John Dopson was on his way to a complete-game shutout. Well, not really.
There was little chance Butch Hobson was going to let Dopson pitch the ninth inning last night at Fenway Park, despite a brilliant eight innings in which he threw only 95 pitches and had the New York Yankees pounding the ball into the ground.
"They'd have hung me if I hadn't brought Jeff Reardon in," said Hobson after a 1-0 win over the Yankees in the start of a four-game series.
So Reardon came into a tight spot and chalked up his 342d save -- one more than Rollie Fingers -- for the all-time lead. But if not for Phil Plantier's fifth-inning homer off Scott Sanderson, it might never have happened as the Sox' weak offense produced only three hits in support of Dopson, who improved to 3-2.
Reardon, 13 saves ahead of former Sox reliever Lee Smith, will receive lots of requests and demands on his time after the historic accomplishment. The Hall of Fame will ask Reardon to provide a ball, a cap and perhaps a uniform to put on display in Cooperstown.
Especially meaningful was that Reardon broke the record against the Yankees, the team he dreaded as a Red Sox fan growing up in Dalton. He retired the heart of the Yankees' order -- fellows such as Mel Hall and Roberto Kelly, who made his life miserable at times last season.
Reardon faced nemesis Hall to start the ninth. Hall stroked a game-winning three-run homer off Reardon on Memorial Day last season at Yankee Stadium. Last night, Reardon retired him on a ground out to first base.
Reardon went 2-and-2 to Kelly, another painful subject. Reardon allowed a game-tying homer to Kelly last Sept. 22 to blow a big game. Last night, Kelly flied to left field.
The third man he pitched to, Don Mattingly, was quickly in the hole 0-and- 2, sending two line-drive foul balls down the right-field line. Tony Pena went out the mound to have a quick word with Reardon, then Mattingly stroked a single to right field, bringing up Kevin Maas.
Reardon, after some off-speed pitches, threw the gas by Maas for a swinging strike three, his 15th save in 16 chances this season.
Reardon, who saved 152 games for the Montreal Expos, 104 for the Minnesota Twins and 10 for the New York Mets, notched his 76th for Boston and 12th against the Yankees.
"I was the most nervous I've ever been other than a World Series," Reardon. "My heart was pumping. I was happy about the fans' reaction. They usually don't get too excited like that. They were nice to give me a nice ovation. And all the stuff really counts and really gives the edge to do it."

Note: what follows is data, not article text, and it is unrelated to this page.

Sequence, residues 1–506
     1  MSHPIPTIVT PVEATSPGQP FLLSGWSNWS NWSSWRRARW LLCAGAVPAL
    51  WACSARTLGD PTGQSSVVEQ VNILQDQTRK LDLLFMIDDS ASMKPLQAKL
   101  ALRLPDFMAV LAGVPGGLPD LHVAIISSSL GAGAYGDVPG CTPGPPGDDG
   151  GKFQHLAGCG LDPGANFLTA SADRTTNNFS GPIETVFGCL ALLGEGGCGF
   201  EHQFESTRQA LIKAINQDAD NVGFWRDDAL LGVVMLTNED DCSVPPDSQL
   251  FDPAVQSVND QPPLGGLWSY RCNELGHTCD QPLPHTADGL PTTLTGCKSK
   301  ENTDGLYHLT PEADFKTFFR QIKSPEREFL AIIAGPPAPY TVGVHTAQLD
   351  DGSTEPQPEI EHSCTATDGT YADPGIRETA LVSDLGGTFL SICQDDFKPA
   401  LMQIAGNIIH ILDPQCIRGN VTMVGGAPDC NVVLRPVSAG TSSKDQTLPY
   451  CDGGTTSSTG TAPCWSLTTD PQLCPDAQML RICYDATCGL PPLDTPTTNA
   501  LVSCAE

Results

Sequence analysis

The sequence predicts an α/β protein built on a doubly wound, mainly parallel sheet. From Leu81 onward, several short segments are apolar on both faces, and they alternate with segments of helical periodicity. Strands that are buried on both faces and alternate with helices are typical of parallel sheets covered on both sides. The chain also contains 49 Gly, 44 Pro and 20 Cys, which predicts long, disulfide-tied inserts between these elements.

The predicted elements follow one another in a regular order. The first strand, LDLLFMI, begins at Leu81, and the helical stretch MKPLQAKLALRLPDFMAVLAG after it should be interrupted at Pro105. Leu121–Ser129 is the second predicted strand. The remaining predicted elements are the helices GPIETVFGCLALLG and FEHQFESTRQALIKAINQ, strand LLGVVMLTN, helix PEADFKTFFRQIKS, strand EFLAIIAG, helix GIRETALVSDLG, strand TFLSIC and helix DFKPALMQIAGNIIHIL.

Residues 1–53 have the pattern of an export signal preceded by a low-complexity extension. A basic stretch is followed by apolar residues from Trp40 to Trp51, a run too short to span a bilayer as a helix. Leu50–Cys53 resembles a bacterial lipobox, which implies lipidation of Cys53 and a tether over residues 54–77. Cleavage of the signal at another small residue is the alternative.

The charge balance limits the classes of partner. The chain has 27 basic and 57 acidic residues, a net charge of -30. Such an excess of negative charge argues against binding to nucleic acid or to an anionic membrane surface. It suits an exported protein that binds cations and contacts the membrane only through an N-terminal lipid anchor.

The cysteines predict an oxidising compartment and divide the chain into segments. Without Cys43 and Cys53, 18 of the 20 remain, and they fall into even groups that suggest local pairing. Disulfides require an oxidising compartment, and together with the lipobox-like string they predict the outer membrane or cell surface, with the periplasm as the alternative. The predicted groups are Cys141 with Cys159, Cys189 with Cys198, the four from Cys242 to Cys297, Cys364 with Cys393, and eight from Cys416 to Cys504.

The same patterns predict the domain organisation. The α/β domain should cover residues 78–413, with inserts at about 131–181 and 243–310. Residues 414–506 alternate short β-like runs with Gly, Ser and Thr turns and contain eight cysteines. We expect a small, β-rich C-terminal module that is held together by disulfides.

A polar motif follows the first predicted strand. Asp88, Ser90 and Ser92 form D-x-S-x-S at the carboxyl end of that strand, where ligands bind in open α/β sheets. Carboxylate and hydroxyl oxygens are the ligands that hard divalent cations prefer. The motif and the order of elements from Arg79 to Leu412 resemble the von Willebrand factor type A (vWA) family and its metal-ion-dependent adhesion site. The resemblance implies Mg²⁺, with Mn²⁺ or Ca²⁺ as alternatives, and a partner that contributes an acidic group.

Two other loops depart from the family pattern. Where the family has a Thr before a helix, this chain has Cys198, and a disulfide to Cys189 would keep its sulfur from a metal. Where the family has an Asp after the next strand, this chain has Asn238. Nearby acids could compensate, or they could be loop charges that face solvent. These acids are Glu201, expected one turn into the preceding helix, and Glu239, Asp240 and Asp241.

Long before the save was secured, Frank Viola, Tom Brunansky and Roger Clemens had outlined a game plan to celebrate the achievement.
"We had no idea when it was going to happen, so it was tough," said Viola, like Brunansky a former teammate of Reardon's in Minnesota. "But we decided we were going to lift him on our shoulders and take him to his wife. You know Jeff, he'd just walk back to the dugout."
Champagne was out because Reardon is allergic to it.
Right after Reardon struck out Maas, the trio stormed out of the dugout to congratulate him, then hoisted him on their shoulders and carried him in the direction of Phebe Reardon.
Clemens, who has known Reardon for some time because they have the same agent, said Reardon balked, and asked to be put down, but the trio refused.
"I told him he was going for a ride," said Clemens. "He kept saying, 'Put me down,' and I kept saying, "Don't worry, I'm not going to drop you.' "
The only things that dropped all night were Dopson's pitches. The righthander, who missed nearly two years because of reconstructive elbow surgery, improved to 3-2, allowing five hits. He continued to follow the master plan of not overthrowing his sinker.
"I didn't have the kind of velocity I did the last time out vs. Baltimore last week," said Dopson, "but I got the ground balls and I did pretty much what I did the last time. About 75 percent of my pitches were sinkers.
"These are probably the best two games I've put together in my career, after probably the worst two games of my career."
Dopson struck out two, walked two and was helped by Yankee base runners. Two were thrown out trying to steal, and Mike Greenwell nailed another -- Mike Gallego -- with his first outfield assist, as Gallego tried to stretch a single into a double in the eighth inning.
"I slid and my right hand stuck," said Gallego. "I didn't get it to the bag. It took a perfect throw to get me, and he made a perfect throw."
On Opening Day, Plantier belted a 2-and-1 Sanderson pitch into the right- field stands at Yankee Stadium on his first at-bat. One hundred and seventy-six at-bats later, Plantier struck again, this time flicking a 2-and-0 fastball into the net leading off the fifth inning.
"I was just trying to make contact," said Plantier. "Actually, I was trying to hit it more toward center field."
It was the first hit off Sanderson, and it marked Plantier's third homer off the righthander in six at-bats.
"I did not know that," said Plantier in his best Johnny Carson.